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Touring Theatre

Experiencing an audience responding to her scripts and laughing collectively was, for Julia, ‘the best feeling in the world’. Just as she toured her own spoken poetry, often in cabaret with other writers and musicians, her plays toured successfully across England. Writing in Eating the Elephant and Other Plays (2005), Julia commented: ‘I never wanted to be a playwright, but theatre was a world I naturally leant towards, and which appealed to my love of the oral tradition in poetry, of working with others, of rooms full of laughter or emotion.’

Julia was awarded a C.P. Taylor Bursary in 1990, enabling her to work as writer-in-residence at Bruvvers Community Theatre Company at Lime Street, in Newcastle’s Ouseburn Valley. Established in 1969 by Mike Mould, Bruvvers brought theatre into disadvantaged areas of Tyneside. The company performed Julia’s sharply funny Rites from Wrongs in October 1991. It is the tale of new-age travellers proceeding to a summer solstice festival opposed by media, locals, landowners and politicians. In a Guardian review of Rites from Wrongs, writer and publisher Peter Mortimer observed:‘It shows the writer’s development, her need to create a full-blooded naturalistic play.’

Quondam Theatre Company

Julia’s next partnership was with the innovative Quondam (Latin for once upon a time), a small-scale professional touring company based in Cumbria. With its dedication to new plays, muscular storylines and strong characters, Quondam provided Julia with a relationship that was engaging, supportive and long-lasting. Julia wrote in 2005 ‘Working for Quondam was uncomplicated and I could write what I wanted given the boundaries of budget, and although the subject mater was prescribed, it was always fascinating,’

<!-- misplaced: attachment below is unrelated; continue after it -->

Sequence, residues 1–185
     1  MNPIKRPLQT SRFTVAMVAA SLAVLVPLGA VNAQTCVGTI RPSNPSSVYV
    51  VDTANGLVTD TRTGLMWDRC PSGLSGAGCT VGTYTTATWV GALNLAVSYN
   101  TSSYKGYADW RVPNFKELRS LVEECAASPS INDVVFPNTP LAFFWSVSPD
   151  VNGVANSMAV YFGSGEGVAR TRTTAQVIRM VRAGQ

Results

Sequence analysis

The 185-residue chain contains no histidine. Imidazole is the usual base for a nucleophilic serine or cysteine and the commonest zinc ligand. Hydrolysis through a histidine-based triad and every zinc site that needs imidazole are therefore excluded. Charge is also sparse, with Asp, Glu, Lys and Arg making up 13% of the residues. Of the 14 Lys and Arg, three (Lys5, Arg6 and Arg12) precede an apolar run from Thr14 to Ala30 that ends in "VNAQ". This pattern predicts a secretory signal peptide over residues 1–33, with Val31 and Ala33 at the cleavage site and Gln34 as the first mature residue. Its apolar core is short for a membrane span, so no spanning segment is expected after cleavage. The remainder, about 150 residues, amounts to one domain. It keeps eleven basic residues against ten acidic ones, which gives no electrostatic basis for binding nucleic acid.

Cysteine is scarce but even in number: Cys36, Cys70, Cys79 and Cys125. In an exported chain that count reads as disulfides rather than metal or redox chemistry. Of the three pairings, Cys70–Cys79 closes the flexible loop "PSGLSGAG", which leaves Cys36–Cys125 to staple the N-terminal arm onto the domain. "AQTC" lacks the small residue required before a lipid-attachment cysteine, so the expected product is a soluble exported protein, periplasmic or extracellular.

Quondam’s founder and producer Andy Booth aimed to produce accessible shows for wide national tours and the company’s first grant-aided production was Julia’s Rafferty’s Café in 1992. It was the ‘true story of a poor man who rose to wealth and power on the back of a community living through turbulent times.’The protagonist was the infamous Cumbrian, John Rafferty, who led the Maryport Communists in the 1930s and became champion of the underdog. His café and social club for the unemployed later made him a fortune from gaming machines. Julia researched his life by chatting to people in Maryport bars, and she wrote: ‘It never ceased to amaze me that memories were still so vivid of this man who died over twenty years ago… People looked after me…fed me, introduced me to others giving me a wealth of stories about not only Rafferty, but the world he lived in.’

Rafferty interested Julia because of his complex nature –  ‘sometimes a hero, other times a bitter and sad man’ – and also his politics. Writing in the programme, Julia commented: ‘I had been a Party member for some years when I first moved to Newcastle; and during that time had met many of the region’s political activists. Here was an opportunity to look at that experience through the life of another.’ Rafferty’s Café embarked on a lengthy tour, across the north of England and the Midlands before also showing in village halls and drama centres in Dorset, Devon, Somerset and Wiltshire.

The follow-up a year later was Head of Steel, directed by Rachel Ashton, about the navvies who built the Settle-to-Carlisle railway line using dynamite, picks and shovels. The flyer quoted: ‘Unmarried, unchristian…buried in unmarked graves.’ Opened in 1876, it was the last mainline railway in England to be constructed by hand, completing Midland’s route to Scotland. The same dramatic subject was the focus of ITV’s Jericho (2016), centring on the navvies who built the Ribblehead viaduct, an engineering feat of the Industrial Revolution. Julia wrote: ‘I have taken the extraordinary “backdrop” of the building of the Settle to Carlisle railway and the society that emerged in the desolate shanty towns of Batty Moss Green, Jericho, Jerusalem and Sebastapol. It was a world of sharp contrasts, of despair and drunkenness, and of religious moralism and irreverence.